Rotary Clubs, Other Service Clubs, and Peace - a network of common interest and support worth considering (speak to them, solicit them and/or join them - its another way to expand your influence)
List of foundations as potential funding sources
A Second List of foundations as potential funding sources http://www.fundsnetservices.com
NEW WEBSITE RESOURCE ON HUMAN RIGHTS FUNDING http://www.HRfunders.org The International Human Rights Funders Group (IHRFG) website functions as a resource both for human rights funders as well as for human rights groups and grantseekers, and includes a searchable database of human rights funding and funders.
The Illinois Prevent Violence (PV) License Plate raises money to fund statewide anti-violence programs. The purple and white plates, which feature a universal symbol of peace—a soaring dove bearing an olive branch, have raised more than $2 million for violence prevention efforts in Illinois as of September 1998. More than 50,000 Illinois motorists display the plates on their vehicles. For more info, http://www.ivpa.org/plates.html
General Service Foundation
Support is provided to tax-exempt organizations for projects and/or
programs in the areas of international peace, reproductive health and
rights, and western water.
International Peace Grant
The Foundation seeks to address the root causes of conflict, and to promote peaceful and stable communities primarily in Mexico, Central America and the Caribbean. The Foundation will give priority to programs and projects that address these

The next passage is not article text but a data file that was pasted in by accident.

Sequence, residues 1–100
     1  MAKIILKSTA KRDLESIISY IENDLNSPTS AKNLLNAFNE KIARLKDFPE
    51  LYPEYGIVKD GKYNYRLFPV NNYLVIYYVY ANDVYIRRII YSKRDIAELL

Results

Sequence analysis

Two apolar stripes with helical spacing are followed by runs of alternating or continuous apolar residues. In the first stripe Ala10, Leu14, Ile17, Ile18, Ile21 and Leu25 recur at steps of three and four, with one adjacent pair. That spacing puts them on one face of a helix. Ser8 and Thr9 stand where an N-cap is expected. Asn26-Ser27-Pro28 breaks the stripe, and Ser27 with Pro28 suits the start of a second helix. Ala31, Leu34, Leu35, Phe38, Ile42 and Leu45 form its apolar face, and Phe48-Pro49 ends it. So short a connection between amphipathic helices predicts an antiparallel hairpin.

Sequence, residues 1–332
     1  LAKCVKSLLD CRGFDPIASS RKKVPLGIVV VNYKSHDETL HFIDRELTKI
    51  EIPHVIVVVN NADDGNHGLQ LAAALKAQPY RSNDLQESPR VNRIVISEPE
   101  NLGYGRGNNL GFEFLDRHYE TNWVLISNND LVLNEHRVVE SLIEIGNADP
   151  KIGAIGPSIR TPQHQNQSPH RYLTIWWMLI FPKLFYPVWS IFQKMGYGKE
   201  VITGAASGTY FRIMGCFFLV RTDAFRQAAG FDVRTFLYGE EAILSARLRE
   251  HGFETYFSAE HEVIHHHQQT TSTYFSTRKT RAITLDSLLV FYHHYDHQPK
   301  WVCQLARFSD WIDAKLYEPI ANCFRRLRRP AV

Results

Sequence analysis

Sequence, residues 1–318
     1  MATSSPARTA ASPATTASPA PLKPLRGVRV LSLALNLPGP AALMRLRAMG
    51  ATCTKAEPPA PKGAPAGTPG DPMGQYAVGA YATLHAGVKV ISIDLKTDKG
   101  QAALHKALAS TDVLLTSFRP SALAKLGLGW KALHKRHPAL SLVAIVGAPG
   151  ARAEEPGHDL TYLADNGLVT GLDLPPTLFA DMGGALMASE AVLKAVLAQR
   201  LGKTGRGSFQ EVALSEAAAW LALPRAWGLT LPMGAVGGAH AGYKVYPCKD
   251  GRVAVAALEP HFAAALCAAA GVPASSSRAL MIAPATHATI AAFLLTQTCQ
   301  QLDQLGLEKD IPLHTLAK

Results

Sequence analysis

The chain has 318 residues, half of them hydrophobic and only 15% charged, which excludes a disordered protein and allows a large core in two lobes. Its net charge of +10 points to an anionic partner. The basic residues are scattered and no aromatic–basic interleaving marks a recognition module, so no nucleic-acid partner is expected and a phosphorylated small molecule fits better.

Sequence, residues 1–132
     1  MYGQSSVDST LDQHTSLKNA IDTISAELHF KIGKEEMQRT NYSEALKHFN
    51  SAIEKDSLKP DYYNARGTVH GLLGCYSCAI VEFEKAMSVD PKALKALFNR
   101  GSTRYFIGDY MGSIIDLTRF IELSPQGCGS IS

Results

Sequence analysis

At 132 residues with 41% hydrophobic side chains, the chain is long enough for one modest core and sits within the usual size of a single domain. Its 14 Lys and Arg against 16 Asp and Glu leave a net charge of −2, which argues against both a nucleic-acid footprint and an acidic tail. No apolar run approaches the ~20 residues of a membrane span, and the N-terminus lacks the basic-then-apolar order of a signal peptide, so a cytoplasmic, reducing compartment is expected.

issues and their interrelationships:
· Strengthening of human rights groups addressing civil and political freedoms as well as economic, social and cultural rights
· Finding equitable solutions to the human impact of global competition on workers in the region
· Informing US policy to encourage engagement in global and regional affairs, international institutions and a foreign policy based on a peaceful and equitable world
Within these broad objectives, the Foundation will give priority to projects with regional or national import. Preference may be given to strategies including: leadership development, strengthening of interregional organizations, and furthering communication and collaborative efforts among nongovernmental organizations. Generally, the Foundation does not support on-the-ground development work, environmental issues, relief projects and research. FIRST-TIME APPLICANTS or PREVIOUS GRANTEES looking for support for new projects should submit a letter of inquiry to the Aspen address, describing their project prior to sending a formal proposal. These letters of inquiry must be received on or before the deadlines (February 1st for the spring meeting and September 1st for the fall.) Letters of inquiry should be no more than four pages and should include the